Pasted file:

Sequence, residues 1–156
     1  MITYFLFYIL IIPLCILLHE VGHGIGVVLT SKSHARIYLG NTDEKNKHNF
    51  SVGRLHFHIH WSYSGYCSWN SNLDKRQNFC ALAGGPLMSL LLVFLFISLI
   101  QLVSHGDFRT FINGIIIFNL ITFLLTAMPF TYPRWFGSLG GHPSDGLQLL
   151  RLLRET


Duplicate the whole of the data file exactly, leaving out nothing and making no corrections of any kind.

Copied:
Sequence, residues 1–156
     1  MITYFLFYIL IIPLCILLHE VGHGIGVVLT SKSHARIYLG NTDEKNKHNF
    51  SVGRLHFHIH WSYSGYCSWN SNLDKRQNFC ALAGGPLMSL LLVFLFISLI
   101  QLVSHGDFRT FINGIIIFNL ITFLLTAMPF TYPRWFGSLG GHPSDGLQLL
   151  RLLRET